Association of Biomarker Cutoffs and Endoscopic Outcomes in Crohn's Disease: A Post Hoc Analysis From the CALM Study
INFLAMMATORY BOWEL DISEASES
Authors: Reinisch, Walter; Panaccione, Remo; Bossuyt, Peter; Baert, Filip; Armuzzi, Alessandro; Hebuterne, Xavier; Travis, Simon; Danese, Silvio; Sandborn, William J.; Schreiber, Stefan; Berg, Sofie; Zhou, Qian; Kligys, Kristina; Neimark, Ezequiel; Suleiman, Ahmed A.; D'Haens, Geert; Colombel, Jean-Frederic
Background CALM was a randomized phase 3 trial in patients with Crohn's disease (CD) that demonstrated improved endoscopic outcomes when treatment was escalated based on cutoffs for inflammatory biomarkers, fecal calprotectin (FC), C-reactive protein (CRP), and CD Activity Index (CDAI) remission vs CDAI response alone. The purpose of this post hoc analysis of CALM was to identify drivers of treatment escalation and evaluate the association between biomarker cutoff concentrations and endoscopic end points. Methods The proportion of patients achieving CD Endoscopic Index of Severity (CDEIS) <4 and no deep ulcers 48 weeks after randomization was evaluated according to CRP <5 mg/L or >= 5 mg/L and FC <250 mu g/g or >= 250 mu g/g. Subgroup analyses were performed according to disease location, and sensitivity analyses were conducted in patients with elevated CRP and/or FC at baseline. The association between endoscopic end points and biomarker cutoffs was performed using chi(2) test. Results The proportion of patients who achieved the primary end point CDEIS <4 and no deep ulcers was significantly greater for those with FC <250 mu g/g (74%; P < 0.001), with an additive effect for CRP <5 mg/L. The association of FC <250 mu g/g with improved endoscopic outcomes was independent of disease location, although the greatest association was observed for ileocolonic disease. Fecal calprotectin <250 mu g/g, CRP <5 mg/L, and CDAI <150 gave a sensitivity/specificity of 72%/63% and positive/negative predictive values of 86%/42% for CDEIS <4 and no deep ulcers 48 weeks after randomization. Conclusion This post hoc analysis of CALM demonstrated that a cutoff of FC <250 mu g/g is a useful surrogate marker for mucosal healing in CD.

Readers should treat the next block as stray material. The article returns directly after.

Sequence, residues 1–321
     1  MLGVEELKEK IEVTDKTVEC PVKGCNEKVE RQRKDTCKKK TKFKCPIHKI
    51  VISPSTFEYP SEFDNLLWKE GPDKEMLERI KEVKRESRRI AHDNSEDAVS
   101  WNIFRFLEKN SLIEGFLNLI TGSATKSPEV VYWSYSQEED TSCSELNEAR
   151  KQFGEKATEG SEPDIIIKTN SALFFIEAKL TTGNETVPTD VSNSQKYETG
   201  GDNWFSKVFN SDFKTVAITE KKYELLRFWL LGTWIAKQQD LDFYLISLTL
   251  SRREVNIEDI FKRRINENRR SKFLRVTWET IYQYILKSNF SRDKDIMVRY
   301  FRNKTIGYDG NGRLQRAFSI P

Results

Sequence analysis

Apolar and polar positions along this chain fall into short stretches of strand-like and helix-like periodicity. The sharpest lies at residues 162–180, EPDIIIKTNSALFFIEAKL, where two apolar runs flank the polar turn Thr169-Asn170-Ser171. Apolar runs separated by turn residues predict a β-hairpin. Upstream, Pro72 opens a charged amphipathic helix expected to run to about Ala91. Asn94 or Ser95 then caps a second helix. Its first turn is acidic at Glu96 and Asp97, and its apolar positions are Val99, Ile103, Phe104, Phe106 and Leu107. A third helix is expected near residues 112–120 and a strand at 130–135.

Mon2-monocytes and increased CD-11b expression before transcatheter aortic valve implantation are associated with earlier death
INTERNATIONAL JOURNAL OF CARDIOLOGY
Authors: Pfluecke, C.; Wydra, S.; Berndt, K.; Tarnowski, D.; Cybularz, M.; Jellinghaus, S.; Mierke, J.; Ende, G.; Poitz, D. M.; Barthel, P.; Heidrich, F. M.; Quick, S.; Sveric, K. M.; Speiser, U.; Linke, A.; Ibrahim, K.
Background: In the first three months after Transcatheter aortic valve implantation (TAVI), a remarkable number of patients have an unfavorable outcome. An inflammatory response after TAVI is suspected to have negative effects. The exact mechanisms remain unclear. We examined the influence of monocyte subpopulations on the clinical outcome, along with the degree of monocyte activation and further parameters of inflammation and platelet activation. Methods: Flow-cytometlic quantification analyses of peripheral blood were done in 120 consecutive patients who underwent TAVI (one day before TAVI and on day 1 and 7 after TAVI). Monocyte-subsets were defined by their CD14 and CD16 expression, monocyte-platelet-aggregates (MPA) by CD14/CD41 co-ex pression. The extent of monocyte activation was determined by quantification of CD11b-expression (activation epitope). Additionally, pro-inflammatoiy cytokines such as interleukin (IL)-6, IL-8, C-reactive protein were measured with the cytometric bead array method or standard laboratory tests. Results: Elevated Mon2 (CD14(-+)CD16(+)) - monocytes (38 vs. 62 cells/mu l, p < 0.001) and a high expression of CD11b prior to TAVI (MIL 50.1 vs. 84.6, p < 0.05) were independently associated with death 3 months after TAVI. Mon2 showed the highest CD11b-expression and CD11b correlated with platelet activation and markers of systemic inflammation. Even CRP and IL-8 before TAVI were associated with death after TAVI. In contrast, a systemic inflammation response shortly after TAVI was not associated with early death. Conclusions: Elevated Mon2-monocytes and a high level of monocyte activation before TAVI are associated with early mortality after TAVI. Chronic inflammation in aging patients seems to be an important risk factor after TAVI. (C) 2020 Elsevier B.V. All rights reserved.